Getting the girl to Spain wasn't a piece of cake. Her application gave County Galway, Ireland as her home, but Amie was off the grid. When I first managed to track her down, she was in a remote village outside of Hanoi, teaching English to Vietnamese children. Our cell phone connection was tentative, as was her readiness to abruptly abandon her mission for an untested post-grad program. And Amie did seem to be a creature with missionary impulses and a strong sense of duty. Before Vietnam, she'd been a kindergarten teacher in Seoul, a post she'd taken shortly after earning her degree in composition from Trinity College, Dublin. And at 19, she'd undergone a baptism by monsoon, teaching the rudiments of English to eighty-five kids in a rural village outside of Calcutta, all under one corrugated aluminum roof.

Students in college fiction writing programs are told that they should "write what they know," and that if all they know is the work of other writers as opposed to life-shaping personal experience, the best they can do is to hit their marks and pray that a winning style will offset the lack of authenticity. The longer I work with aspiring film composers, the more I come to believe that the same imperative holds true for musical authors. The best film music emerges from an understanding of story, and understanding emerges from a life deeply lived. This story has a happy ending, as we finally did convince Amie to migrate to Valencia for the one-year program (she made stops in Thailand, Cambodia, Laos, the Philippines, and Indonesia en route).  She worked as hard in the composer lab as I presume she did in those Third World schoolhouses. She listened. In fact, Amie was so diligent that I took to calling her Hermione. Diligent, but never stuffy or self-important. Always the Irish wink and an attitude that said, "Teach me." Soon after graduating and securing an artist visa, she migrated again, to perhaps the most exotic and culture-shocking of all her destinations: Hollywood.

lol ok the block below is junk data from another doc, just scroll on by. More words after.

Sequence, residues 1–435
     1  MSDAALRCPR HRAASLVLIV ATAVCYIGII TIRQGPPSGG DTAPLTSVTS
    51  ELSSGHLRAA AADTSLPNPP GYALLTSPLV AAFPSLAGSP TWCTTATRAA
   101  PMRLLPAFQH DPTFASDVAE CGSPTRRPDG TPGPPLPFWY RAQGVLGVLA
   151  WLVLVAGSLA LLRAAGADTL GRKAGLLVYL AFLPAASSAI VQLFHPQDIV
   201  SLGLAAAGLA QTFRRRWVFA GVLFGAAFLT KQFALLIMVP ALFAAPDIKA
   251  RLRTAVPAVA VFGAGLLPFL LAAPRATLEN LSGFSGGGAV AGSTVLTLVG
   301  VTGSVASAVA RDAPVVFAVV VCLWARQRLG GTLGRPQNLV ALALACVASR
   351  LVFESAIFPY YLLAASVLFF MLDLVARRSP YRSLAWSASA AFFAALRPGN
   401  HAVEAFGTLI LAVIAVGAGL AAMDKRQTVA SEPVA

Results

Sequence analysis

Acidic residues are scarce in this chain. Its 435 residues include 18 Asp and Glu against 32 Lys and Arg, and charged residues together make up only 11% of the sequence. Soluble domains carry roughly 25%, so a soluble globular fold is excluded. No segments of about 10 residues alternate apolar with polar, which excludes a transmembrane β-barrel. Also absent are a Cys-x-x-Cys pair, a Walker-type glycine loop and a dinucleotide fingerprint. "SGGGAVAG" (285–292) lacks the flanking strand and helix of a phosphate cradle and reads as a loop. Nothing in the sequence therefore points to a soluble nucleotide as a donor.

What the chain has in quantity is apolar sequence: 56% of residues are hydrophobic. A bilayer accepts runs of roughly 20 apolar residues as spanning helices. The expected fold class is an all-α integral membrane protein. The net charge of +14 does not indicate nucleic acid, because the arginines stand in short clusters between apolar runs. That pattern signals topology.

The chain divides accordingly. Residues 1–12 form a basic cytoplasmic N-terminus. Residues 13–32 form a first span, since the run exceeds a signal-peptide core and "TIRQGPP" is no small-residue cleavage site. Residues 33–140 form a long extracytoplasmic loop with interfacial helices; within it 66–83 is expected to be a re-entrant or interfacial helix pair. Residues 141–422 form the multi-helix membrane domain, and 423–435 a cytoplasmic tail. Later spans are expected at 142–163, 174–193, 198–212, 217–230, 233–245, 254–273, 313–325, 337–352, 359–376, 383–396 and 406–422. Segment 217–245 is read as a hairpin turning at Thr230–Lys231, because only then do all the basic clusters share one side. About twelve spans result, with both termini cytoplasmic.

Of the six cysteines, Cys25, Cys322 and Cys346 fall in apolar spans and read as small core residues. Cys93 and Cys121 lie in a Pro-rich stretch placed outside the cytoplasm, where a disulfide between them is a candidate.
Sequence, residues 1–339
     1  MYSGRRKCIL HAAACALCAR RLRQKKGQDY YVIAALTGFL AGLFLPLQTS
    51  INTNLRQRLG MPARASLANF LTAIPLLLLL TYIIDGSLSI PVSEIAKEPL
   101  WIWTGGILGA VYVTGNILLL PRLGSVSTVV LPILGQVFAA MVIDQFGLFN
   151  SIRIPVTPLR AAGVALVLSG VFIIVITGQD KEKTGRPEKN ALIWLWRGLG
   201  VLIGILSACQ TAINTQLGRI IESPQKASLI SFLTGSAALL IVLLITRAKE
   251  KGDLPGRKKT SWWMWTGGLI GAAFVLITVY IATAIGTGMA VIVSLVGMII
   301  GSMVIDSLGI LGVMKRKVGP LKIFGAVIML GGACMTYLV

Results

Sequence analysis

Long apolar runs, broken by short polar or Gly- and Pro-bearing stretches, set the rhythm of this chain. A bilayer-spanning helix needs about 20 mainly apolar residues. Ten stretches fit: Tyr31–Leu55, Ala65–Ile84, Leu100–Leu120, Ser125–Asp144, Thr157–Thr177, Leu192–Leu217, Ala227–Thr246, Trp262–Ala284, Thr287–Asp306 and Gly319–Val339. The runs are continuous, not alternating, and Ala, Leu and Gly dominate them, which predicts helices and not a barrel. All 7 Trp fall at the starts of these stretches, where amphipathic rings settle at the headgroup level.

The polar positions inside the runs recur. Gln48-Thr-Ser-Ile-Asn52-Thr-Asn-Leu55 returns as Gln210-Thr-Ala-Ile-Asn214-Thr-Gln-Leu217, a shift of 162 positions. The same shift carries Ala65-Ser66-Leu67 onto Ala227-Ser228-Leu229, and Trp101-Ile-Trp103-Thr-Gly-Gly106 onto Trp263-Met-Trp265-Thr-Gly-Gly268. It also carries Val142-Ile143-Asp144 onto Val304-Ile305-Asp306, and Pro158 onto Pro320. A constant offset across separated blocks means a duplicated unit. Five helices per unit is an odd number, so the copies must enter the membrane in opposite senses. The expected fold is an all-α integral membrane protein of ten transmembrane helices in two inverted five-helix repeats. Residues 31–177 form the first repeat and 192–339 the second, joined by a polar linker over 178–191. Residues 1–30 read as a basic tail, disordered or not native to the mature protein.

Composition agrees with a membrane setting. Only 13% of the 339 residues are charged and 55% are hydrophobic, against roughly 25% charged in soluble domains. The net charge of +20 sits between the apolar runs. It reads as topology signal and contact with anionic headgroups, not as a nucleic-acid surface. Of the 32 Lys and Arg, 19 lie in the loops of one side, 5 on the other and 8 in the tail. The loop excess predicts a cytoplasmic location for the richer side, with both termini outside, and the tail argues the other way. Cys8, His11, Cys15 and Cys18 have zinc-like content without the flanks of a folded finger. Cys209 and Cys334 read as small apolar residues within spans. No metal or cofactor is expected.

I interviewed Amie on a break between assignments as orchestrator for Jeff Russo on the new STAR TREK:DISCOVERY skein. Amie's most recent feature score is KEEP THE CHANGE, and she's on-board for a new project from Oscar-winning documentarian Rob Epstein (Common Threads: Stories From The Quilt). 


AH: First of all, how are you? What’s your state of mind like at the moment? Are you deep in the trenches with a half-dozen deadlines looming, or in-between projects?

AD: Hey Andy! I’m great, thanks for asking! I’m definitely deep in the trenches with multiple projects on the go, but life is good and an overabundance of work is a champagne problem, so cheers! I’ve been very fortunate to have a lot of work over the last few years both as a composer and orchestrator, which can mean splitting myself in two sometimes. I’m currently scoring a feature, a mini-documentary series, and 2 other documentaries, as well as orchestrating 3 TV shows. Staying on top of it all is definitely challenging and can be extremely stressful at times, but it’s what I signed up for.